The Murdaugh Trial Is Over, But Infamy Lingers For Walterboro



The Murdaugh trial is over, but infamy lingers for Walterboro

Destiny Johnson was eating dinner with her sister on Thursday night when they heard the news: the jury had reached a guilty verdict in the Alex Murdaugh trial.

Ms Johnson abandoned dinner and hurried to the courthouse. She arrived just as police escorted the now-convicted murderer past a phalanx of television cameras, he also encountered dozens of local spectators, who had rushed over to watch authorities escort him to jail.

Most did not look directly at Murdaugh, instead viewing the spectacle through their uplifted phones.

Ms Johnson was among them, streaming to her family members on Facebook Live.

“This is probably the biggest thing that’s happened in our town,” Ms Johnson, 36, told the BBC after police drove Murdaugh away. She was breathless, her awestruck expression more befitting an A-list celebrity encounter than a brief glimpse of a murderer. A Styrofoam carryout container sat abandoned at her feet.

“Like, nobody’s ever heard of Walterboro until this trial,” she said. “It’s exciting.”

For over a year, the small town of Walterboro has stood at the centre of one of America’s most high profile murder trials – and this week, arguably its biggest story. It has consumed and captivated locals like Ms Johnson – as well as enthusiasts across the country. A media circus, complete with tents, bright lights, big talent and plenty of gawkers, set up camp outside the alabaster facade of the Colleton County Courthouse for weeks as Murdaugh stood trial for the murder of his wife, Margaret, and son, Paul.

But this week, it all ended as Murdaugh swiftly received his sentence on Thursday evening, and a lifetime prison sentence the next morning. While residents of Walterboro and nearby communities expressed sadness at the fate of Maggie and Paul Murdaugh, who Alex has been convicted of murdering, they also found themselves grappling with their town’s new notoriety – and by their own admission, a bit of regret that it was all over.

The conclusion of the trial created “a void”, said Janice McPherson, a 67-year-old from nearby Lancaster County who attended Murdaugh’s sentencing with her two daughters on Friday. “We were just really consumed by this. We’ll go back to our normal way of living now.”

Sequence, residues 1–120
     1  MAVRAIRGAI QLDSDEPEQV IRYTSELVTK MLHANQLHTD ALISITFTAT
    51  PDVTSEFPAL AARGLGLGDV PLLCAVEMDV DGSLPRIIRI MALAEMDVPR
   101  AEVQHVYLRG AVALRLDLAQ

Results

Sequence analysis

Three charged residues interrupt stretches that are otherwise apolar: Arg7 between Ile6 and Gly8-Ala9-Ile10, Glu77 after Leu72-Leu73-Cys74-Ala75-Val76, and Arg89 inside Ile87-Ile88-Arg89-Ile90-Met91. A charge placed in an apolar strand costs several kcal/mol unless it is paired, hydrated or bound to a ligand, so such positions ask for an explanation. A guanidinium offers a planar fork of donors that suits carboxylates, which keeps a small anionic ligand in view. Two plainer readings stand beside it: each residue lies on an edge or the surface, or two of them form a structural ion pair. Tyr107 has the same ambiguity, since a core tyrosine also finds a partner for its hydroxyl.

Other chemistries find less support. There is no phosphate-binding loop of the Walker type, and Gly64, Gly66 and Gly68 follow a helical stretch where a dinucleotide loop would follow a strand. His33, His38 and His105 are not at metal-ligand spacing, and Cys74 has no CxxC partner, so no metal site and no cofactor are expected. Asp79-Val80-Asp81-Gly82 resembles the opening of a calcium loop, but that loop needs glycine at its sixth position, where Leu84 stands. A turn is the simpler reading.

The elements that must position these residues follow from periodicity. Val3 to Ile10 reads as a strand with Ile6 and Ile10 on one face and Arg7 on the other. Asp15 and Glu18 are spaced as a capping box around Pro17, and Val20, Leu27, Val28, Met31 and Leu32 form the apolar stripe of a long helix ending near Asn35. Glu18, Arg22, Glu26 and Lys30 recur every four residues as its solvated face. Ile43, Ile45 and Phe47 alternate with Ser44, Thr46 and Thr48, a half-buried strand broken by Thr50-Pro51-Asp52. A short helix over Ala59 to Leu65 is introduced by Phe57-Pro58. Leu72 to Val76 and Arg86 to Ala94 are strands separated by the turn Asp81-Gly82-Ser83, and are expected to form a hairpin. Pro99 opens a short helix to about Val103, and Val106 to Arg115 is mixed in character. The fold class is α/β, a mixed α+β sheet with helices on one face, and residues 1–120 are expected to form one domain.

‘A John Grisham book’

Alex Murdaugh, the scion of a local legal empire, spent several weeks on trial here for the killing of his wife and son, who were found dead of close-range gunshot wounds at the family’s dog kennels on their estate. The case – featuring a complex mix of intrigue, power, drug abuse, theft and above all the gruesome murder of a wealthy family – has spawned a multimedia universe of successful streaming documentaries, podcasts and more.

“It’s a John Grisham nonfiction book,” Eric Bland, an attorney-turned-Murdaugh podcast and media presence, explained of the case’s hold on the public. “It’s Southern Gothic murder.”

And at the centre of it all was Walterboro.

In the closing days of the trial, the quaint blocks surrounding the courthouse were under constant surveillance. Small gaggles of enthusiasts roved the surrounding streets, phones out and ready to record any development.

At one point, two women in an SUV rolled slowly alongside a group of lawyers as they walked through town, eyes trained to the phones recording the spectacle rather than the road in front of them.

A trio of professionally dressed young women took cheery photos in front of the courthouse, where inside a jury was set to decide whether a man was guilty of brutally murdering his wife and son.

For Walterboro, the guilty verdict was a historic, vindicating moment. Some even brought their young children to the courthouse on Thursday night, in the hope they would witness the grand finale of a national news story.

As the court announced the guilty verdict, 38-year-old Jessica Williams was outside with her six-year-old daughter. They huddled together to watch the proceedings on her phone.

“I made sure she was a part of everything because I want her to remember it,” Ms Williams said. “I remember where I was when the verdict for OJ Simpson came down. This was the same thing.”

The circus packs up

On Friday, the final day of the Murdaugh media circus saw locals and journalists jockeying for space along the barricades lining the court. Multiple people approached Mr Bland, whose commentary about the case had made him a niche celebrity, to ask for photos.

Two young women, dressed up in bright sheath dresses and shades, appeared eager for press to interview them about the case. By late morning, several outlets had obliged.

A few dozen spectators were able to watch the sentencing from the courtroom. For them, the little orange lanyards the court issued to the public were a golden ticket, one which allowed them to witness firsthand a saga they had followed for months on TV.

It was “amazing just to be able to sit there and hear the judge give the sentencing,” said 61-year-old Kim Warner, who lives in town. “And then to see [Murdaugh] in a jail outfit, be walked out of the courtroom.”

But not every resident was thrilled with the spotlight.

“It’s a little bit embarrassing,” said Kimberly Davis, a 38-year old Walterboro native who also visited the courthouse on Thursday night.

The murder was “absolutely not” an accurate depiction of Walterboro, Ms Davis said. “I was born and mostly raised here, I could not tell you who Alex Murdaugh was prior to this trial.”

What she did know was this: that Walterboro was a “small, quiet, nice-people town”.

“It’s just unfortunate that we’re just known worldwide now because of his wrongdoings.”

Source – BBC News



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